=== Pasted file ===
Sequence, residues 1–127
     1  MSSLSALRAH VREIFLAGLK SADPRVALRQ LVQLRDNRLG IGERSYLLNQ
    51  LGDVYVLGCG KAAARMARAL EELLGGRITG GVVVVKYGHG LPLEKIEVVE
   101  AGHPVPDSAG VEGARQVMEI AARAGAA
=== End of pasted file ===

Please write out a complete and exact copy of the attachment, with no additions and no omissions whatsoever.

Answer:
Sequence, residues 1–127
     1  MSSLSALRAH VREIFLAGLK SADPRVALRQ LVQLRDNRLG IGERSYLLNQ
    51  LGDVYVLGCG KAAARMARAL EELLGGRITG GVVVVKYGHG LPLEKIEVVE
   101  AGHPVPDSAG VEGARQVMEI AARAGAA